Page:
Along the way we visit to the 14thC AD Ranakpur Temple of the Jain people. An example of exquisite harmony between religion and art. A temple with many many highly decorated carved columns. The massive structure all built by marble and took 2500 craftsmen 50 years to construct. The Jain people believe in non violence, truth, non stealing, celibacy/chastity, non attachment non possession. They only eat vegetables grown above the ground. Yet when listening to the audio provided a past 'priest' amassed great wealth and present day priest asked for money even though a notice in the brochure give on paying the entrance fee say do not give money to any staff. 'Priest ' said he wasn't staff as he was a priest. He didn't get money from us we figured our entrance fee enough and it seemed a contradiction to their non possessions mantra. Our guide was disguised by the priest asking for money.

We've left the narrow bumpy mostly one lane rod we traveled on the past few hours for a 4 lane highway. All the highways so far have been good roads. You still get the odd nomad with his camel, cows, shepherd with goats or sheep, the revered cows on these highways among all manner of vehicles. Also on highways where vehicles are traveling at speed you will see a vehicle driving against the traffic, usually they'll be on the road edge side but not always! A couple of times we have had trucks in the middle lane of 3 lane one way road driving towards us and seen trucks, cars etc doing it often enough! Actually we now know why some of the Indian taxi drivers at home drive like they do!

One time I decided to count how many beeps on the horn Gurmeet our driver does in 5 minutes. 32 it was and he beep beeps a lot. Every time he passes something on the road he beeps, they all beep. I say 'something' as it could be a vehicle, person or animal. You wouldn't believe the number of cows everywhere. Cows are revered. Cows are the mother and provides sustenance. Hence their revered position in Indian society. Animals are respected in India and most are let roam freely. It's a 'live and let live' attitude here. Animals also create  huge amount of the rubbish on the ground with their deficating everywhere!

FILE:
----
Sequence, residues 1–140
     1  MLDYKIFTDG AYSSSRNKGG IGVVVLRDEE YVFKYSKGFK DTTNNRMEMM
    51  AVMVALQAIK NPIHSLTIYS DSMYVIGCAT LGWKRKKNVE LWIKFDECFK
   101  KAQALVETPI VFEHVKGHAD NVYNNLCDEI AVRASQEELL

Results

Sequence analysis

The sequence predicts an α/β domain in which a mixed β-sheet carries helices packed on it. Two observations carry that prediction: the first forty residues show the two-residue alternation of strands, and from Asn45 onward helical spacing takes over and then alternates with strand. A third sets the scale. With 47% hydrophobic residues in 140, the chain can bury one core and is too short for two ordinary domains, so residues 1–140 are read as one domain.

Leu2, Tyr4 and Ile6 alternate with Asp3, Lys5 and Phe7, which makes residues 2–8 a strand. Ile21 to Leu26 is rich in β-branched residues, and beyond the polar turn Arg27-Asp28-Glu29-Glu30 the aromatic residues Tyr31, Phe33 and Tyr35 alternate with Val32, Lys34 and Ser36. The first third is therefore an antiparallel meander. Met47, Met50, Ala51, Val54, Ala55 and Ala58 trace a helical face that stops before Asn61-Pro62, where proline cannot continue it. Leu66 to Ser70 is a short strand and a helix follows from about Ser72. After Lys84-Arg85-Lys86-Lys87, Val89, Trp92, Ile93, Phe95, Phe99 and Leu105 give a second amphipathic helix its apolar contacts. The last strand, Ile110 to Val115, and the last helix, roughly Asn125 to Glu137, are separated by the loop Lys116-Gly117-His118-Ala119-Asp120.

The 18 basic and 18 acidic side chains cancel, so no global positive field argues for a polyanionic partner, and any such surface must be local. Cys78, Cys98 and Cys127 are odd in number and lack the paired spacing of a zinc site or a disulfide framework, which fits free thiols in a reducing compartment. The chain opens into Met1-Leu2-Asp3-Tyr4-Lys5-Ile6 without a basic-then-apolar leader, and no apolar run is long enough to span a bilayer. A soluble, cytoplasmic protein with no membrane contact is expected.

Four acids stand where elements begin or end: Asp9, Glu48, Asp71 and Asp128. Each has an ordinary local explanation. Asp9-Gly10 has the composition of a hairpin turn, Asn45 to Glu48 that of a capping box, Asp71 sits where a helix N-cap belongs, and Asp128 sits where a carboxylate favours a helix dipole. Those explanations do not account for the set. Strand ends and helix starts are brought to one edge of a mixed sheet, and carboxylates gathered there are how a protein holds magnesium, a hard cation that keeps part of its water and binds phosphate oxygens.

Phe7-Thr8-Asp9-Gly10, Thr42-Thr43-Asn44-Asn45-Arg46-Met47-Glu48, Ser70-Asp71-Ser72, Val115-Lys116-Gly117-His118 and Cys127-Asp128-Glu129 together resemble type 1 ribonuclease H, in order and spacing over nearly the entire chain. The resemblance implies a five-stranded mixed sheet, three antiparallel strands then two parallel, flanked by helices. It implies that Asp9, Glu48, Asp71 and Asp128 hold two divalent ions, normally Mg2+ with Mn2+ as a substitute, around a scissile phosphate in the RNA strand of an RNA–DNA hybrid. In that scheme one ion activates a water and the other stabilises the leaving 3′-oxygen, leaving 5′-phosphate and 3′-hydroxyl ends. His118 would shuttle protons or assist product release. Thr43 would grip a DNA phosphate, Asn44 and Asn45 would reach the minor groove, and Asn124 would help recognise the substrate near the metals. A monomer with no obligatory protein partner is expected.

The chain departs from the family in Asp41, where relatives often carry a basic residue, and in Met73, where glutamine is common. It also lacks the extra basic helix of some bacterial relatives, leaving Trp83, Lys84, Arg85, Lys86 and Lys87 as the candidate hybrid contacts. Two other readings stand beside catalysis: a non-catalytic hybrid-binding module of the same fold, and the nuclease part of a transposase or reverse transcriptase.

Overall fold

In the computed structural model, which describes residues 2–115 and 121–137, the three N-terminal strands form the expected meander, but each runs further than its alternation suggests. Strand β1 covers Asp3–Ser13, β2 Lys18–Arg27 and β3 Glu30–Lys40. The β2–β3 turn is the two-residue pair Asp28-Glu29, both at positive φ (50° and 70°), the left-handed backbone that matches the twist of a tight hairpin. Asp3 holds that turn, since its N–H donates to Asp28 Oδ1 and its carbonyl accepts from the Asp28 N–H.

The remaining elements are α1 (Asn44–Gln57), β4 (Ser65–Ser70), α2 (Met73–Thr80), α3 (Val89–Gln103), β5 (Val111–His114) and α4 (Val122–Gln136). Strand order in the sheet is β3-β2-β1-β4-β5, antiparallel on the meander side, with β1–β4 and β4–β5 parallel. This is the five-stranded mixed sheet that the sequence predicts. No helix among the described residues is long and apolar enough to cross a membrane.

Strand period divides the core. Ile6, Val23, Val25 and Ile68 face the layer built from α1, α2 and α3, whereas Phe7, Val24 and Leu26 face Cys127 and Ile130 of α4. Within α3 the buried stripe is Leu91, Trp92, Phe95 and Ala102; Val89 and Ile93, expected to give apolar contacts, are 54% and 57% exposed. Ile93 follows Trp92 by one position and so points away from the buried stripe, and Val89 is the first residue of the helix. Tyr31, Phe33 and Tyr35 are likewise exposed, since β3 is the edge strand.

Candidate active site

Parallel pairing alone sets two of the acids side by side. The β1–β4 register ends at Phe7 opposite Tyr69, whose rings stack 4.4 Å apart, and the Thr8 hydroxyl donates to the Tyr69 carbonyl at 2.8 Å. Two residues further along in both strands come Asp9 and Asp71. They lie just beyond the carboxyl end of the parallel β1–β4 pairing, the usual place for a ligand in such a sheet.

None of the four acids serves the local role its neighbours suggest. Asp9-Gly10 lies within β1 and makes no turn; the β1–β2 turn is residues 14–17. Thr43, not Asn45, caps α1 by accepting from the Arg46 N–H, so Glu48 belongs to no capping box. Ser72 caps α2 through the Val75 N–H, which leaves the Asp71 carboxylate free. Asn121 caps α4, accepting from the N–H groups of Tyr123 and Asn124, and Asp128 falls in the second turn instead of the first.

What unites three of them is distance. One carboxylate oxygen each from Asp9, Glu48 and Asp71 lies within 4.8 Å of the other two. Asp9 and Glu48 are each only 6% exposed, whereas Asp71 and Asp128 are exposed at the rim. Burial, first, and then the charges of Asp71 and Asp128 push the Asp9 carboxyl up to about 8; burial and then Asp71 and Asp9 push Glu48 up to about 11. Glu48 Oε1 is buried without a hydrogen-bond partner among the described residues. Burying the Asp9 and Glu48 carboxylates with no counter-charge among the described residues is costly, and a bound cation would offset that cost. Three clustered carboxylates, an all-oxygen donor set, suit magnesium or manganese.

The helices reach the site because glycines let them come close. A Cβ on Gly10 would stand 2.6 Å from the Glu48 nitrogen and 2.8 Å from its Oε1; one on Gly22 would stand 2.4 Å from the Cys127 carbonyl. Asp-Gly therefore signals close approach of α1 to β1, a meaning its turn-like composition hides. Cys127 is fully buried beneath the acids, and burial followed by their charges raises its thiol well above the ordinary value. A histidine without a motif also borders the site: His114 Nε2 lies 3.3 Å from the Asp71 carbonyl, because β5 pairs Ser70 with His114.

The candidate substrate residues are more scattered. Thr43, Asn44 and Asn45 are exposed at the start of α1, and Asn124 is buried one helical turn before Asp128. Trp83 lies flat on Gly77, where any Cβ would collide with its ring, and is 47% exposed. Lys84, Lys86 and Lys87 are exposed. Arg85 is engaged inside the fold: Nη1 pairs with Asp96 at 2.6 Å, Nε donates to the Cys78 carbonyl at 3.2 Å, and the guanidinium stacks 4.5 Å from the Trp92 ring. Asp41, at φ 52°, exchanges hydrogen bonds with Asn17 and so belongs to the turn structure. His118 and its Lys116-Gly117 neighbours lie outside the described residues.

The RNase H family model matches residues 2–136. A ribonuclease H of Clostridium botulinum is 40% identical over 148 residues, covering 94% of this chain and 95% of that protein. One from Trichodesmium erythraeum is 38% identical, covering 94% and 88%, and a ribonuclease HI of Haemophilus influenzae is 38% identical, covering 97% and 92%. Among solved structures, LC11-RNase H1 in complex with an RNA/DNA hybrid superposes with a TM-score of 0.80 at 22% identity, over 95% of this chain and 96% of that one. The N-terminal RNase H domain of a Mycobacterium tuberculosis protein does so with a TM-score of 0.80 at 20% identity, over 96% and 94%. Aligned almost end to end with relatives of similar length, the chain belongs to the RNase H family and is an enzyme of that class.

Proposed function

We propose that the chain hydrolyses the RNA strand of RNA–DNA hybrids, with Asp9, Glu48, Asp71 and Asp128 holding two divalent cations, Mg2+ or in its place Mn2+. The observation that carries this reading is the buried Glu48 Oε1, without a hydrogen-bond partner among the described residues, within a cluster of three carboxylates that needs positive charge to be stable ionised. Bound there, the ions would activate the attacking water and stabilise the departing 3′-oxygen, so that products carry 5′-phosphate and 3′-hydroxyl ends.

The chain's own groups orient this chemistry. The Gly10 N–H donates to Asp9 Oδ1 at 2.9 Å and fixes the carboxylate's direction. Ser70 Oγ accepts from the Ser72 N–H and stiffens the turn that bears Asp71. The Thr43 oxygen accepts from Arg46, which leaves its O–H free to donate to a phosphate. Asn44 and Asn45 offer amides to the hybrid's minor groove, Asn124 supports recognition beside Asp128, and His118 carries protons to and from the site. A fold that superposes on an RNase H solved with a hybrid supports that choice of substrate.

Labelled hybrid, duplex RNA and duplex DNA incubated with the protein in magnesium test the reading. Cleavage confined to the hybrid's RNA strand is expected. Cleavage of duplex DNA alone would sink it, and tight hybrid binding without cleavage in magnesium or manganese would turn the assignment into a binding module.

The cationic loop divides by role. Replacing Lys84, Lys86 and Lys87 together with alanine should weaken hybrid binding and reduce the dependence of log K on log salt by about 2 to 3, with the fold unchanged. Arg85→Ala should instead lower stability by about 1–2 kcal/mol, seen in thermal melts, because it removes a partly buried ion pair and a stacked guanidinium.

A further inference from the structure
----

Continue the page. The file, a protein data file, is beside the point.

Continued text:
Our arrival at the Tai Lake Palace Udairpar was by boat at it's situated in the middle of a lake. The hotel is as one imagines a palace built in 1749, when it was built as the summer palace for the king, should be. Udairpur is the prettiest of the towns/cities we have visited though there is still the grubbiness of India.

We visited the palace, the gardens some distance from the palace and where the queen would picnic. Walked through the town and alongside the lake. Back and forth we traveled by boat between the hotel and town. All good it was. We watched a couple of dancing shows put on by the hotel staff.

Back in Delhi at the Oberon Gurgaon we had a fantastic fine dining Indian dinner, fabulous food for our last night here.

Our trip in India has been good. It's a country of colour, the females nearly all wear beautiful brightly coloured saris, many of the men wear drab colour western style clothes though some, especially the older gentlemen, still wear the traditional clothing. It's a country of hustle and bustle, of noise with the ever present 'beep beep' of horns. It's a country of the small shop and food stall owners. Indian food is good and most not all that spicy which suited me, John has been hanging out for a really spicy curry though 😅. It's a country full of bird life. I've always thought Australia had more bird life than any country I'd seen but India beats Australia quite easily.

It's also a country that could be a lot cleaner simply by removing all the animals off the roads, walkways, towns and cities and putting them in fields. I read the new Prime Minister is vowing to put in toilets everywhere as many homes still don't have them. Unfortunately infant mortality is high due to poor sanitation as are deaths over all ages from diarrhoea and poor hygiene. It's a very male dominated society. Many men seem to laze around when they could 'doing something ' such as trying to make their homes more habitable for example. Yes there are good homes also but too many not well built ones. There are also very many very hard working men working long long hours as shop keepers, food vendors, guides , hospitality workers, labourers and so on. The Indian people seem very pleasant, happy, helpful people and tourists are made feel very welcome.